Understanding the NHS deficit and why it won’t go away

This briefing assesses the financial health of those providers by unpicking the headline figures presented in the official accounts to reveal the true underlying state of the NHS’s finances today, and to outline prospects for the next three to four years | Nuffield Trust

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Image source: Nuffield Trust

  • NHS trusts have begun the current financial year, 2017/18, on course for an underlying overspend or deficit of £5.9 billion. To meet their reported deficit target of £500 million, they will need to cut their operating costs by £3.6 billion and receive temporary extra funds of £1.8 billion.
  • This would require trusts to make savings in one year equivalent to 4.3 per cent of their operating costs – far in excess of any level achieved over recent years and likely to be almost impossible to deliver.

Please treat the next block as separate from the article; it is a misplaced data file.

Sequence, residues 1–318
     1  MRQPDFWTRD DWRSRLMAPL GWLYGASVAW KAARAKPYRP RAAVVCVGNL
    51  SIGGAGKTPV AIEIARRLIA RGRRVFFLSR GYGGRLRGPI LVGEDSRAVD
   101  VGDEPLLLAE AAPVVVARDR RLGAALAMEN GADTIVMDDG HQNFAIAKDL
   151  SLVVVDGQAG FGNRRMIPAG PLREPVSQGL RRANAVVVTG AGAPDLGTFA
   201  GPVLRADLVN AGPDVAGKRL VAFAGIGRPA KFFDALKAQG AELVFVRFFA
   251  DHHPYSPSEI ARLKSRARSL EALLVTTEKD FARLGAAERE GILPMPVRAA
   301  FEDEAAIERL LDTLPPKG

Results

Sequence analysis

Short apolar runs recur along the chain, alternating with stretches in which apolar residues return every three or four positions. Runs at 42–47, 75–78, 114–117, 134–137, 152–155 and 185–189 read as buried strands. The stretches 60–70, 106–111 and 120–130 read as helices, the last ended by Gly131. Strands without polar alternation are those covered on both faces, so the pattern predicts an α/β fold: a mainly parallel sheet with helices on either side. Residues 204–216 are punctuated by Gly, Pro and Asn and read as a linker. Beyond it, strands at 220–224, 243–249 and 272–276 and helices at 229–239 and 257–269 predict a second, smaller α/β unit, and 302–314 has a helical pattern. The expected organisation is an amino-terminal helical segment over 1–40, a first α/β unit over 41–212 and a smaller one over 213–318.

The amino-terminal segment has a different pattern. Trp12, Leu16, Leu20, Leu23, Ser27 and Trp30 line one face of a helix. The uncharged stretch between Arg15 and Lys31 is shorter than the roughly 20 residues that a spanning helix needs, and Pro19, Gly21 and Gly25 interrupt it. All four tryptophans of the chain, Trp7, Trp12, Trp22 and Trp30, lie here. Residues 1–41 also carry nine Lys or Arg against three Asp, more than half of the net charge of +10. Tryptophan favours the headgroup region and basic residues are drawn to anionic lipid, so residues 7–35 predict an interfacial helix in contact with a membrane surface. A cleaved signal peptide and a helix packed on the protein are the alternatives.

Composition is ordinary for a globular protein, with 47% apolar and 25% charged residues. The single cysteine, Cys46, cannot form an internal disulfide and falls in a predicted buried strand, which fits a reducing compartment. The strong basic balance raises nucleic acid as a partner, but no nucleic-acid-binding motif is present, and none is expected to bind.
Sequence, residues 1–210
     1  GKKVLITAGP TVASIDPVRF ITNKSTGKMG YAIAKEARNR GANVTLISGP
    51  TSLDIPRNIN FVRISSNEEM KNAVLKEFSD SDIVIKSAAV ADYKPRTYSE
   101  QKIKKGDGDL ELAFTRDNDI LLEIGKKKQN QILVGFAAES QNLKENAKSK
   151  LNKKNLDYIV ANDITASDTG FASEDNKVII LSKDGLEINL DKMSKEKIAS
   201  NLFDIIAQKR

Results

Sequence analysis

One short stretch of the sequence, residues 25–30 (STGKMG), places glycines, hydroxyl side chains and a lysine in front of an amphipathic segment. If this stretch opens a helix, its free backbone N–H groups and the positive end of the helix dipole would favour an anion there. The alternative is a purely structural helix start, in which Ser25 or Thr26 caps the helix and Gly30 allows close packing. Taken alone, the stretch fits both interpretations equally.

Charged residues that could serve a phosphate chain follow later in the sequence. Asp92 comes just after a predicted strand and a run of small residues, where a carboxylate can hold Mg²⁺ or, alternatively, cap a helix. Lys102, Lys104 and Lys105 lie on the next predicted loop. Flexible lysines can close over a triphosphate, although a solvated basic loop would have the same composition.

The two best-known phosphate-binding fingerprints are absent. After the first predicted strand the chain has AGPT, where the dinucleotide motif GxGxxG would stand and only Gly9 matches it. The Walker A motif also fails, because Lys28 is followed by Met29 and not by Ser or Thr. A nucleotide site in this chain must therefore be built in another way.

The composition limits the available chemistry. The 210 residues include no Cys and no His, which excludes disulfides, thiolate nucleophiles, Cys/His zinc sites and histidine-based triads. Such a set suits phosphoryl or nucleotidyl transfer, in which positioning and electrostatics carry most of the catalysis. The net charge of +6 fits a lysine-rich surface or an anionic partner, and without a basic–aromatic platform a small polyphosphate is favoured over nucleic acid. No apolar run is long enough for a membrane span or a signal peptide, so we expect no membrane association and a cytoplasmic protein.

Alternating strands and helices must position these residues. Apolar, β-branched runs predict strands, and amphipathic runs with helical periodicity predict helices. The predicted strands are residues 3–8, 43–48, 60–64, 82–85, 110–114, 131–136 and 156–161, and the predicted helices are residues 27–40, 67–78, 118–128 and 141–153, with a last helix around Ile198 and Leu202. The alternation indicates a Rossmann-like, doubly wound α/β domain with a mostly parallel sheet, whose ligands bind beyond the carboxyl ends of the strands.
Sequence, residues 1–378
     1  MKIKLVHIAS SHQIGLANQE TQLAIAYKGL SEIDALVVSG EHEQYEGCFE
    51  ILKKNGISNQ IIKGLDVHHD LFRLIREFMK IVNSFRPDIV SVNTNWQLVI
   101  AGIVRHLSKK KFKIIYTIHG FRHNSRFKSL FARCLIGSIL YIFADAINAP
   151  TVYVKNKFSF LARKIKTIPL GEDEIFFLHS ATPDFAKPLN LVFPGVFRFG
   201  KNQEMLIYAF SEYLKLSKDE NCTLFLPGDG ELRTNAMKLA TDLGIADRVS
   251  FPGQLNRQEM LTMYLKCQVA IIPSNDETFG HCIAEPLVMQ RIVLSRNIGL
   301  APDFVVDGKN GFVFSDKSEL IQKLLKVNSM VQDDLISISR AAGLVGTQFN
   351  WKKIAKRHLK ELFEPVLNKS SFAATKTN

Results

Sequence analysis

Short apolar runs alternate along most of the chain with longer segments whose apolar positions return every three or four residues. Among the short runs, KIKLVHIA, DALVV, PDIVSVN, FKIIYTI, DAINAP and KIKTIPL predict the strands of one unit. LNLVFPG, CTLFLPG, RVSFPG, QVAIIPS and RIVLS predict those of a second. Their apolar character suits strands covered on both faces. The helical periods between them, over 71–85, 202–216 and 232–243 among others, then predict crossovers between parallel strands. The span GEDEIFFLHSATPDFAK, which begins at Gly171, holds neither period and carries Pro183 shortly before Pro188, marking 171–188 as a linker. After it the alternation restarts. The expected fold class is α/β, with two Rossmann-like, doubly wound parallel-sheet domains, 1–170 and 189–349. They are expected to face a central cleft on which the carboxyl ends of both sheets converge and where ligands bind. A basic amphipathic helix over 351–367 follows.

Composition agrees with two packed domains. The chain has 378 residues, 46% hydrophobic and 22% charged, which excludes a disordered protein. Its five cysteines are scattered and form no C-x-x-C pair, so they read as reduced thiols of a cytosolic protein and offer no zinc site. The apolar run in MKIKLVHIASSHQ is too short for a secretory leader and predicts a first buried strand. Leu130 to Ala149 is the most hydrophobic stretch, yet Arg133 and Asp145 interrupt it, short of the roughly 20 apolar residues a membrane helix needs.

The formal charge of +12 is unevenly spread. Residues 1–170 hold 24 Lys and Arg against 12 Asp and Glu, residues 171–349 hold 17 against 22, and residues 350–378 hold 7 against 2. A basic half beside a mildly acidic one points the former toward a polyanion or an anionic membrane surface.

• A more likely scenario is that they will make cost savings similar to the level made last year. That would collectively leave the trusts with an underlying deficit of around £3.5 billion.
  • The headline deficit for 2016/17 (which ended in March 2017) was £791 million. However, that figure was flattered by billions of pounds’ worth of one-off savings, temporary extra funding and accountancy changes that did nothing to improve the underlying state of provider finances. Once they are removed, the underlying deficit for 2016/17 is £3.7 billion.
  • This is compared to an underlying deficit the year before, 2015/16, of £4.3 billion. As trusts also had to soak up additional inflation costs in 2016/17, the reduction in the underlying deficit between 2015/16 and 2016/17 actually represents providers making £2.3 billion in permanent savings.